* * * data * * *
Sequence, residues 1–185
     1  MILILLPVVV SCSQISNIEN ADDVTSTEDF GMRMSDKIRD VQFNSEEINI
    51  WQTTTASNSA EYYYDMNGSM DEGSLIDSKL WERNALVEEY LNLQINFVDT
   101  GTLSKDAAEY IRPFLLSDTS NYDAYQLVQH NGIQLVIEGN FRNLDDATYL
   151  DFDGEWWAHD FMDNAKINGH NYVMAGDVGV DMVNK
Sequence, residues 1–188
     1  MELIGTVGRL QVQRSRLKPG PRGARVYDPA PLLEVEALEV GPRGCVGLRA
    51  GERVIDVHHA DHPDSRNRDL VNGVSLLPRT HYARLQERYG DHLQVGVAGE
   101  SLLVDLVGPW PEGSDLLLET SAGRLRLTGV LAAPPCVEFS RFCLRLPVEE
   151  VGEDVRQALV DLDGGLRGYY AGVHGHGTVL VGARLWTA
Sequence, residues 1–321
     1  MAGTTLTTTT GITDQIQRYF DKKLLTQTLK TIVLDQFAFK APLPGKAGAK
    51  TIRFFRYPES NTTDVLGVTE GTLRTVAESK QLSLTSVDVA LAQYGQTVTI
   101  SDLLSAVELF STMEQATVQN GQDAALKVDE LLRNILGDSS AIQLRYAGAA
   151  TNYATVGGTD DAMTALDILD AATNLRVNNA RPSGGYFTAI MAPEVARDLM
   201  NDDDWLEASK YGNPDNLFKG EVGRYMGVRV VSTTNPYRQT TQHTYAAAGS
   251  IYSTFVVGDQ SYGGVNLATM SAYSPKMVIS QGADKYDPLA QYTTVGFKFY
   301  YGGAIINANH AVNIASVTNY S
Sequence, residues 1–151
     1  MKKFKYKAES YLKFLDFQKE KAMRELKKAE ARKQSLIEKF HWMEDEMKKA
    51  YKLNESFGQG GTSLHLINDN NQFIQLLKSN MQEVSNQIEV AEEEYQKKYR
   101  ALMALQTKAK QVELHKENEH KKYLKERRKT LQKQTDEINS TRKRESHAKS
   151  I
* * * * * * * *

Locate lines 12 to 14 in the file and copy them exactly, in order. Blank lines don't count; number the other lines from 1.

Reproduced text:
     1  MAGTTLTTTT GITDQIQRYF DKKLLTQTLK TIVLDQFAFK APLPGKAGAK
    51  TIRFFRYPES NTTDVLGVTE GTLRTVAESK QLSLTSVDVA LAQYGQTVTI
   101  SDLLSAVELF STMEQATVQN GQDAALKVDE LLRNILGDSS AIQLRYAGAA